RAND Survey Provides Key Data Points For The Future of Schools

Drawing on the RAND Corporation’s American Educator Panels (AEP), researchers surveyed nationally representative samples of K–12 public school teachers and principals in late April and early May 2020 to document how they delivered instruction and other services, what supports and resources they needed, and what their expected priorities and plans were for the 2020–2021 school year. Below are highlights. For the whole report, click here:

Key Findings

Educators provided a variety of supports for distance learning, but the pandemic is likely to exacerbate existing inequalities

  • Educators across the country shifted quickly to connect with students and families and support students through distance learning. Teachers and principals both indicated that teachers had received some training to equip them for this work, but they also identified gaps in that training, especially in terms of training to support particular student groups, such as students with disabilities or homeless students.
  • Teachers reported incomplete curriculum coverage, providing more review and less coverage of new content than usual.
  • There were large disparities in students’ access to supports for learning — disparities that predated the pandemic and that educators will need to continue to tackle.
  • Principals indicated several needs for support from district leaders, including strategies to address the loss of students’ hands-on learning, teacher training on distance learning and technology for students. Teachers particularly expressed a need for ways to motivate and engage students, to address the loss of hands-on learning opportunities, and to assess and support students’ social and emotional well-being.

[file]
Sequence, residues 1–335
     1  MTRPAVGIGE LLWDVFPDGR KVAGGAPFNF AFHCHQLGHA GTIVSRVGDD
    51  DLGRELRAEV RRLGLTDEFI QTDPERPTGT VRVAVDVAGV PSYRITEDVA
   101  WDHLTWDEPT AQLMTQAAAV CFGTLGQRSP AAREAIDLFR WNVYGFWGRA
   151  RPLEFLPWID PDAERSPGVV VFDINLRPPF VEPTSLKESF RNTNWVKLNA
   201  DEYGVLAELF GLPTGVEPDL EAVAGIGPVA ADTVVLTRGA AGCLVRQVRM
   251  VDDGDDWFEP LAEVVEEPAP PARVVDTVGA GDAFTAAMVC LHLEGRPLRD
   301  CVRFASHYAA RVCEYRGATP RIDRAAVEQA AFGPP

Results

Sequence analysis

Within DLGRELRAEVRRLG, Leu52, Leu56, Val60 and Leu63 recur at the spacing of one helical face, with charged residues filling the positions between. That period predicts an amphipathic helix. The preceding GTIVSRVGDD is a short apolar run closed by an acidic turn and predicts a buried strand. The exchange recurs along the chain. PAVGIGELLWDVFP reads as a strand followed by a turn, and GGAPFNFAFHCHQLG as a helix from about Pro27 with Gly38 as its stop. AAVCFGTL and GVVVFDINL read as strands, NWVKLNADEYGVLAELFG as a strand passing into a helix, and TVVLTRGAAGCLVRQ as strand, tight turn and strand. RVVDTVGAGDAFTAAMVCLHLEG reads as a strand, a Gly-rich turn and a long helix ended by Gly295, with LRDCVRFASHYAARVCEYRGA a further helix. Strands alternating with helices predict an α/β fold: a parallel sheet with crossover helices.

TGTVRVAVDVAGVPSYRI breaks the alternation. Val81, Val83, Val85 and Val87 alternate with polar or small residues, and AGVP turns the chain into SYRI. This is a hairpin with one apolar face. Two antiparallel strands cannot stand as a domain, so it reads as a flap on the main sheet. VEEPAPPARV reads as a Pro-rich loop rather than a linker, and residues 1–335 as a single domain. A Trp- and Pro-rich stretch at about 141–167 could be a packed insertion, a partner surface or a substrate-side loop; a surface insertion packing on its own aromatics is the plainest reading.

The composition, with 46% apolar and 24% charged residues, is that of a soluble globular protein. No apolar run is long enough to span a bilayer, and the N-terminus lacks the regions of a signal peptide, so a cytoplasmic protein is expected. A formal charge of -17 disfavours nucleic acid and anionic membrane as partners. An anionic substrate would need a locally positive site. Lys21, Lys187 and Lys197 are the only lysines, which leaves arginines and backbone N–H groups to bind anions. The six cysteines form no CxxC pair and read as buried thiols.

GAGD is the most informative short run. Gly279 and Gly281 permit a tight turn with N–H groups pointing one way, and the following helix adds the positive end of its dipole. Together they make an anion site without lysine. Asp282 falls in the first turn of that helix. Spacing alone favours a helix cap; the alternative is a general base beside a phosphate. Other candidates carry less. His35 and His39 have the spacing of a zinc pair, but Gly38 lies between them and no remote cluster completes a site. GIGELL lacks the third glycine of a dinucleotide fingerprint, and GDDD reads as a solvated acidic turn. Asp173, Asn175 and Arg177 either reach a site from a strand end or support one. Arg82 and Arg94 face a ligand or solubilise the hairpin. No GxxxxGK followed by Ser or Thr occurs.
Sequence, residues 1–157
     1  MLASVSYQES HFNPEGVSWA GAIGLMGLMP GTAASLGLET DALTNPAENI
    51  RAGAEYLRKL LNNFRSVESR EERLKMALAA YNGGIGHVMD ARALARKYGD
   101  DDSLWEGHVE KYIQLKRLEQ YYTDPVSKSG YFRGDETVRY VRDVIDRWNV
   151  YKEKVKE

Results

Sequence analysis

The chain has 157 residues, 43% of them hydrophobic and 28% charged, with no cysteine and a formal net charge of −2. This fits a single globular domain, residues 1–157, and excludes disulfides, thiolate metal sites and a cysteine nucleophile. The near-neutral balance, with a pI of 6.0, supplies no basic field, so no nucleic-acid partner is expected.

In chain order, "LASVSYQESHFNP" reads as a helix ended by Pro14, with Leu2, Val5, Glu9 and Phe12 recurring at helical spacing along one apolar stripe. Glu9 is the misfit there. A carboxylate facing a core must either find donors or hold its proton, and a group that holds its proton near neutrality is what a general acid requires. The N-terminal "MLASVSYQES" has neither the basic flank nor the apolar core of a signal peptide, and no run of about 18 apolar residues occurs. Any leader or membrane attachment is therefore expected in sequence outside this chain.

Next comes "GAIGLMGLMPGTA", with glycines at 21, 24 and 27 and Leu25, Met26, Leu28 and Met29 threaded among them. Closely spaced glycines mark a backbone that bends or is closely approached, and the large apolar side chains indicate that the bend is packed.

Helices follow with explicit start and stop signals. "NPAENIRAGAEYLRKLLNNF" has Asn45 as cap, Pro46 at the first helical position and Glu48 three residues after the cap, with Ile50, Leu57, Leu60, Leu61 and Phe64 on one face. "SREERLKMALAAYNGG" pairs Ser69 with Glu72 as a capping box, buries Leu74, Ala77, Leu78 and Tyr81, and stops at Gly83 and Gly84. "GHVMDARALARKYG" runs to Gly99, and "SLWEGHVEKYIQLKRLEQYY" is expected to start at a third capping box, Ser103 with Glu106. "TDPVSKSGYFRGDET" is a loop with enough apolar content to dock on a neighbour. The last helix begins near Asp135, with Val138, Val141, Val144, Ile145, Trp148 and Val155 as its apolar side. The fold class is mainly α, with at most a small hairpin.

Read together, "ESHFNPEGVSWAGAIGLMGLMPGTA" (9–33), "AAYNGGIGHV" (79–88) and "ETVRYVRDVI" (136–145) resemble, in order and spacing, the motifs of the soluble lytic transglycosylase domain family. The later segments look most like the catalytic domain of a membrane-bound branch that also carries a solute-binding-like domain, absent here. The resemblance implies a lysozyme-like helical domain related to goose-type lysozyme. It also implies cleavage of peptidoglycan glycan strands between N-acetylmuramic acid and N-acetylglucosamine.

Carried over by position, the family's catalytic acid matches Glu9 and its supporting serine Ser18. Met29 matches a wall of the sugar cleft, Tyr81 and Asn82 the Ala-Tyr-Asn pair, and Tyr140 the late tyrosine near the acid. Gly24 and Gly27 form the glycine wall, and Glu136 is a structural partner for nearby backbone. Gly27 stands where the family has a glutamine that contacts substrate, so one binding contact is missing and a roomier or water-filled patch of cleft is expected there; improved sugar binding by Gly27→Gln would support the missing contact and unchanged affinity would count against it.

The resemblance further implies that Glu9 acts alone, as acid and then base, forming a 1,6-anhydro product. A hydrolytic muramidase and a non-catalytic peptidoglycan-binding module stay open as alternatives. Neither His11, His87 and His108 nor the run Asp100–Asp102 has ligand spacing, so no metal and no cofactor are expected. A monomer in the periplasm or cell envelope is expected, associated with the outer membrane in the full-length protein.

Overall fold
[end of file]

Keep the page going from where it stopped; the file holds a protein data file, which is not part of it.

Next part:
• School principals reported that several goals will be more important this coming school year than they were during the last year, including emergency preparedness, reducing learning gaps, and addressing students’ mental health.


  • Teachers need professional development to help them address the challenges of distance learning, especially teachers who are working with the most vulnerable students.
  • Policymakers and funders will need to address disparities in learning opportunities by ensuring that supports for learning — including internet access and technology as well as classroom materials to promote academic, social, and emotional learning — are provided to the students who need them most when the next school year begins.
  • As it is likely that some form of distance learning will continue, educators need resources and strategies to help students stay motivated and engaged while they are learning remotely, as well as guidance to provide students with hands-on learning opportunities (e.g., labs, internships) and to assess and support students’ social and emotional learning.
  • Both principals and teachers need better ways to contact students and families. School and district emergency plans should include efforts to ensure they have contact information for all students and families.
  • The pandemic has caused principals to reprioritize goals and tasks. District leaders should be prepared to help them as they shift to plan for emergencies, address learning gaps, and deal with student mental health issues that might be exacerbated by the pandemic’s effects.

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